How to Interpret a Satellite Image:
Five Tips and Strategies

By Holli Riebeek Design by Robert Simmon November 18, 2013

Satellite images are like maps: they are full of useful and interesting information, provided you have a key. They can show us how much a city has changed, how well our crops are growing, where a fire is burning, or when a storm is coming. To unlock the rich information in a satellite image, you need to:

  1. Look for a scale
  2. Look for patterns, shapes, and textures
  3. Define the colors (including shadows)
  4. Find north
  5. Consider your prior knowledge

These tips come from the Earth Observatory’s writers and visualizers, who use them to interpret images daily. They will help you get oriented enough to pull valuable information out of satellite images.

Look for a Scale

One of the first things people want to do when they look at a satellite image is identify the places that are familiar to them: their home, school, or place of business; a favorite park or tourist attraction; or a natural feature like a lake, river, or mountain ridge. Some images from military or commercial satellites are detailed enough to show many of these things. Such satellites zoom in on small areas to collect fine details down to the scale of individual houses or cars. In the process, they usually sacrifice the big picture.

High-resolution satellite view of the Boulder water treatment plant.
Full-resolution Landsat image of the Platte River and Boulder, Colorado.

Images from the commercial WorldView-2 satellite (top) can show street by street details of the September 2013 flood in Boulder, Colorado, while the scientific Landsat 8 satellite (lower) can be zoomed in to give a city size scale. (Worldview-2 image based on data ©2013 DigitalGlobe. Landsat image by Jesse Allen and Robert Simmon, using data from the USGS Earth Explorer.)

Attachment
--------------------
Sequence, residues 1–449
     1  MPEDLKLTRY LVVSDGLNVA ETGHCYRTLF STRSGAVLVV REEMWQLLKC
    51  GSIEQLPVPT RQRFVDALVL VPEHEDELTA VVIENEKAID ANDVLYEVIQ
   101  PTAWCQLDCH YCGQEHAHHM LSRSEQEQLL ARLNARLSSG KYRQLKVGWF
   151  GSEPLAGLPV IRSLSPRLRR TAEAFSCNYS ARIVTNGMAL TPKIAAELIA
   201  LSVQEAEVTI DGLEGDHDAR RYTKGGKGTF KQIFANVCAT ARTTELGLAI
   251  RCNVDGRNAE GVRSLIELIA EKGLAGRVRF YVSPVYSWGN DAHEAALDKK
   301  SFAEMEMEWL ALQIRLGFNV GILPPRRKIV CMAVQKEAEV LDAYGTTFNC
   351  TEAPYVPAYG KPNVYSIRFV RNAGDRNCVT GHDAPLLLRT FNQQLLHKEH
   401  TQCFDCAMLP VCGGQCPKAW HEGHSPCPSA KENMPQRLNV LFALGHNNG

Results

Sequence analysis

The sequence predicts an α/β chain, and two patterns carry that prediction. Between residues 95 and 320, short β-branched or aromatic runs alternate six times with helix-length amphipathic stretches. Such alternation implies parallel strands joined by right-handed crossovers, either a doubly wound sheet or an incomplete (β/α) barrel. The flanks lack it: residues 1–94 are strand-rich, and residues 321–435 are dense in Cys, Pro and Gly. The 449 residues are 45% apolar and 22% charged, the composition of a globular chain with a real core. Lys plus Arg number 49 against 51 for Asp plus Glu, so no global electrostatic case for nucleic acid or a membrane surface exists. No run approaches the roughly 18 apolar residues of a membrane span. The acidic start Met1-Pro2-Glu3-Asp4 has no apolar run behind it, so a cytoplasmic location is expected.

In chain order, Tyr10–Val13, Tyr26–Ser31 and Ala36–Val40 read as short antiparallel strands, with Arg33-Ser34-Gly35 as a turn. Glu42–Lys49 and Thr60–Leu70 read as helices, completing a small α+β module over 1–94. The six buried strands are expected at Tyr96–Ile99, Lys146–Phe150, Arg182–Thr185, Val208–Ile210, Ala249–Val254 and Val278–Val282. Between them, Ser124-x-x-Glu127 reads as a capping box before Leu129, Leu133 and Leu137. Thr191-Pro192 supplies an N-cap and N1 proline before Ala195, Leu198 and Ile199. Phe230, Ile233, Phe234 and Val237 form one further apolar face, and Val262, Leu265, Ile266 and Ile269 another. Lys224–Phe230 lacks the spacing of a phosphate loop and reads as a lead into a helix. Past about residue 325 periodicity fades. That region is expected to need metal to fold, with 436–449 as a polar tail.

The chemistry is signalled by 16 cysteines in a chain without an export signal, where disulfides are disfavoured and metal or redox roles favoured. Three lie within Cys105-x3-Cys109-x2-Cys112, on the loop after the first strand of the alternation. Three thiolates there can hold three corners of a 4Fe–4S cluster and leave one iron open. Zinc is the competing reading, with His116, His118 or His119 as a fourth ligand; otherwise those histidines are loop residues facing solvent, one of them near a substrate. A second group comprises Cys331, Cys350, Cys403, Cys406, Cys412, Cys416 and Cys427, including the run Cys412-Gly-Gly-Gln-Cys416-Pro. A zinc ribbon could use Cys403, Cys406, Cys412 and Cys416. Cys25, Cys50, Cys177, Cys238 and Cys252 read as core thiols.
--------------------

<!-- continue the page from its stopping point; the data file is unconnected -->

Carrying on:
NASA satellites take the opposite approach. Earth science researchers typically want a wide-angle lens to see whole ecosystems or atmospheric fronts. As a result, NASA images are less detailed but cover a wider area, ranging from the landscape scale (185 kilometers across) to an entire hemisphere. The level of detail depends on the satellite’s spatial resolution. Like digital photographs, satellite images are made up of little dots called pixels. The width of each pixel is the satellite’s spatial resolution.

Commercial satellites have a spatial resolution down to 50 centimeters per pixel. The most detailed NASA images show 10 meters in each pixel. Geostationary weather satellites, which observe a whole hemisphere at a time, are much less detailed, seeing one to four kilometers in a pixel.

Full MODIS scene of Boulder, Colorado and the central United States.

Raw Landsat scenes (top) provide a landscape view, while MODIS (lower) provides a wider view. The images are from September 17 (Landsat) and September 14 (MODIS), 2013. (Landsat image by Jesse Allen and Robert Simmon, using data from the USGS Earth Explorer. MODIS image by Jeff Schmaltz LANCE/EOSDIS MODIS Rapid Response Team, GSFC.)

Depending on the image resolution, a city may fill an entire satellite image with grids of streets or it may be a mere dot on a landscape. Before you begin to interpret an image, it helps to know what the scale is. Does the image cover 1 kilometer or 100? What level of detail is shown? Images published on the Earth Observatory include a scale.